Like barking and whining, growling can be done for a variety of reasons. It often signals that your furbaby is feeling stress and anxiety. It can mean that they are feeling threatened, or it may indicate that they’re in pain. The growling is a warning, and it’s best to heed that warning. Some pet parents try to get their dogs to never growl, but that warning is needed as a part of the dog’s communication. It often means that a bite is next. Whatever the problem is, a growling dog feels uncomfortable, and they may need attention from you to soothe their stress.

Ear Changes

As a pet parent, you’re well aware of what your pet’s ears usually look like. Dogs are very expressive with their ears, and the way they look can be a sign of stress. If your furbaby has ears that are held in a straight back position, chances are that they are stressed. They may also make their ears highly rigid as they pay attention to whatever is causing them the stress.

Trouble Relaxing

When you’re stressed, it can be hard to let go and relax, and the same is true for doggos. If your dog is feeling stressed and/or anxious, they will have a hard time winding down and resting. Your dog may seem to be on edge, ready to jump if danger appears. They may flinch whenever they hear a sound, or they may try to sleep and frequently wake up during it. You’ve seen your dog lying down in a relaxed position. If you see them lying down with a rigid posture and have wide eyes that are highly alert, they may have too much stress to be able to relax.

Display of the Gums

When your dog has their gums exposed, but they are happy and are wagging their tail, this isn’t a sign of a problem. It’s just another way to communicate. However, when your furbaby shows their gums when they aren’t happy, this can be a sign of a highly stressed dog who is issuing a warning. If you see your dog curling their lips without any tail wagging involved, and you notice growling and rigid positioning, this may indicate future biting or nipping. It’s important to give your dog space when you see this symptom.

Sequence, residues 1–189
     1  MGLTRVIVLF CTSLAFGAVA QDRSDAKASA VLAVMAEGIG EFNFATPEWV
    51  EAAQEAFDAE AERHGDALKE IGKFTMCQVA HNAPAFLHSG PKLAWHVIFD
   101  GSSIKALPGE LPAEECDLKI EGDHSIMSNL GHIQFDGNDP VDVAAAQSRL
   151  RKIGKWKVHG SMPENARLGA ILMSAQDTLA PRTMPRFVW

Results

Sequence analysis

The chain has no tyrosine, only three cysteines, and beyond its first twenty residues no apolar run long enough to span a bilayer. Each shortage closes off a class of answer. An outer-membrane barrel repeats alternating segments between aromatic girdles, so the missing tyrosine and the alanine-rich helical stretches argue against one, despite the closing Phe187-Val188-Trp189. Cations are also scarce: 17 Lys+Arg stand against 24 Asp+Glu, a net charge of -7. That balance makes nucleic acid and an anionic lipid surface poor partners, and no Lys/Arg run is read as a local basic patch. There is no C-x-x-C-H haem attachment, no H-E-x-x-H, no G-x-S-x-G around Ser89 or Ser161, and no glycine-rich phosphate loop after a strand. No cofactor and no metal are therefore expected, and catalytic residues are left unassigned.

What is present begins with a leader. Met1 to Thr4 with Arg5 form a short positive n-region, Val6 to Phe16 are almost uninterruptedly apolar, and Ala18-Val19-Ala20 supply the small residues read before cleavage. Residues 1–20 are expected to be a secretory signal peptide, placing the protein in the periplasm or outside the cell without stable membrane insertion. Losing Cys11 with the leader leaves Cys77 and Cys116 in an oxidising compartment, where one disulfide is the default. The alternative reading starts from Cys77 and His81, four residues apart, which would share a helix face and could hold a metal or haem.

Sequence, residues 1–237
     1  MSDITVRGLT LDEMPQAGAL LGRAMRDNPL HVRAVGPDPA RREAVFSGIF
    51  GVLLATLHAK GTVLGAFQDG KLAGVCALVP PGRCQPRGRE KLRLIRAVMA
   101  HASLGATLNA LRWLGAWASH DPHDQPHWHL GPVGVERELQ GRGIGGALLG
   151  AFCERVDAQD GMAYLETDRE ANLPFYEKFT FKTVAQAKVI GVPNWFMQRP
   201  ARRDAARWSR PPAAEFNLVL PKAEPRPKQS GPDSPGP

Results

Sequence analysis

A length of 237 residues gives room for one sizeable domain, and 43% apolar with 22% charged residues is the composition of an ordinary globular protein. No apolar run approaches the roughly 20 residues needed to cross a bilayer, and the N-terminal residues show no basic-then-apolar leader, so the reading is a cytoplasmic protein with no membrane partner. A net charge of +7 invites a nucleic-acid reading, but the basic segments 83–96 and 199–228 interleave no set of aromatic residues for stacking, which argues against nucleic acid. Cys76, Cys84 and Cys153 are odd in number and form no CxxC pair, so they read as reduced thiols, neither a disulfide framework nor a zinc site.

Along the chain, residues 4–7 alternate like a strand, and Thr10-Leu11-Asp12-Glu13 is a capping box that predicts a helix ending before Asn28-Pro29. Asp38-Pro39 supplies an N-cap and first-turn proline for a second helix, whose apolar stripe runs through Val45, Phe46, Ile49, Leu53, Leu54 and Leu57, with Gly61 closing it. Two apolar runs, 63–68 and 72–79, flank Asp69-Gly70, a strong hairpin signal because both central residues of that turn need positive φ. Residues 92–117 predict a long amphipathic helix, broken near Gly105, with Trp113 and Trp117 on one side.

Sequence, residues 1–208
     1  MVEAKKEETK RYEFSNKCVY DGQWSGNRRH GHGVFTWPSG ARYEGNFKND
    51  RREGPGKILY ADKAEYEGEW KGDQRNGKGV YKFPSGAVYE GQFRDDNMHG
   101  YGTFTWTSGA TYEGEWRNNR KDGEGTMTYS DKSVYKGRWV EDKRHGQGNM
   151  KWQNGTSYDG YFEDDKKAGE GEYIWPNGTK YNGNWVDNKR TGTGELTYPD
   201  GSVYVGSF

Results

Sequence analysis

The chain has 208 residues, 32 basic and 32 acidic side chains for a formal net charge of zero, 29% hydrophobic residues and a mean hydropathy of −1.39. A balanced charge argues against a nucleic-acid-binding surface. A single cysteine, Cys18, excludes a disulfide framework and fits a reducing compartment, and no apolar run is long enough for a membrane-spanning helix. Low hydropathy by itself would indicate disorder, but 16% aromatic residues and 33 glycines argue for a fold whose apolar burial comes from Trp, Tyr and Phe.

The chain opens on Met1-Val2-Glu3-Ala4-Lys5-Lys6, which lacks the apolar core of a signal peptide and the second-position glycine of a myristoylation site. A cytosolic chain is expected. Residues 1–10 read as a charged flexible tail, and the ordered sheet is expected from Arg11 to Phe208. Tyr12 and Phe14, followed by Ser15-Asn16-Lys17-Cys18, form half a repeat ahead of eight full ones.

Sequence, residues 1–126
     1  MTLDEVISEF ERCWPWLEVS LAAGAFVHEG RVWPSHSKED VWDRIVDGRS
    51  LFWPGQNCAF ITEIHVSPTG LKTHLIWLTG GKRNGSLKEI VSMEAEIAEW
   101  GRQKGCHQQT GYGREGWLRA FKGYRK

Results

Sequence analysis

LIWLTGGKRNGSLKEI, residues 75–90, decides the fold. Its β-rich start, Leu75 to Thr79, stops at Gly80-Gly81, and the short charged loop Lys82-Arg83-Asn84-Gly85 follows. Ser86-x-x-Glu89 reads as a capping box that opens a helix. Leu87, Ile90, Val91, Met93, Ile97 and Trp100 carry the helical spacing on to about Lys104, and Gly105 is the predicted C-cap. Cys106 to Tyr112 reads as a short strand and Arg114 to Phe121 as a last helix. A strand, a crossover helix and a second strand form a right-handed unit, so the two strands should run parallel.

Wet Paws

Pets don’t have sweat glands all over their bodies like humans do. For your furbaby, the only sweat will be through their paws. If you notice wet paws or see wet dog prints in your home, this can be a sign of stress.

Other Physical Signs

When your furbaby is stressed, it causes symptoms on the inside as well as the outside. The internal turmoil your pet faces can greatly affect the way they look and act on the outside. When stressed, a dog may experience a faster breathing rate (panting) and a faster heart rate. Their body will send important nutrients from important systems and redirect them to the muscles in case they need to run from the danger.

Your pet’s stress may be caused by sickness, and some illnesses can even be caused by stress for dogs. High blood pressure and even ulcers can have stress as the root cause. Stressed dogs may also have difficulty with digestion. These effects are noticeable in dogs when they lead to symptoms like diarrhea, urinating more often, changes in their appetite, pupils that are dilated, increased drooling, and foaming at the mouth.

When you notice stress symptoms, you may immediately see the source of stress, or it may be tough to find out its source. Always pay attention to the context of the symptoms and the circumstances. You may discover a way to remove a stressor and soothe your dog.

Julia Nikolaus